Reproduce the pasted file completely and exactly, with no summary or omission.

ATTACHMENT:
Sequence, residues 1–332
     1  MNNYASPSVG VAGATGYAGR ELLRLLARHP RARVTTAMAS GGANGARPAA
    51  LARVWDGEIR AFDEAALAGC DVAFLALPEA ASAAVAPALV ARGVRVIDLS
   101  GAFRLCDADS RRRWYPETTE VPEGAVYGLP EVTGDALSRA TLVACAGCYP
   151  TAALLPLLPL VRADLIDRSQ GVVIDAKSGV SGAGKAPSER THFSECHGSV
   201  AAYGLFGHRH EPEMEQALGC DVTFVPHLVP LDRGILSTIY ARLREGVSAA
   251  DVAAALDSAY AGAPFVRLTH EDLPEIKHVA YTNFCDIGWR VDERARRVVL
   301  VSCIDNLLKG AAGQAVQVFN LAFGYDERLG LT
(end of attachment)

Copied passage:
Sequence, residues 1–332
     1  MNNYASPSVG VAGATGYAGR ELLRLLARHP RARVTTAMAS GGANGARPAA
    51  LARVWDGEIR AFDEAALAGC DVAFLALPEA ASAAVAPALV ARGVRVIDLS
   101  GAFRLCDADS RRRWYPETTE VPEGAVYGLP EVTGDALSRA TLVACAGCYP
   151  TAALLPLLPL VRADLIDRSQ GVVIDAKSGV SGAGKAPSER THFSECHGSV
   201  AAYGLFGHRH EPEMEQALGC DVTFVPHLVP LDRGILSTIY ARLREGVSAA
   251  DVAAALDSAY AGAPFVRLTH EDLPEIKHVA YTNFCDIGWR VDERARRVVL
   301  VSCIDNLLKG AAGQAVQVFN LAFGYDERLG LT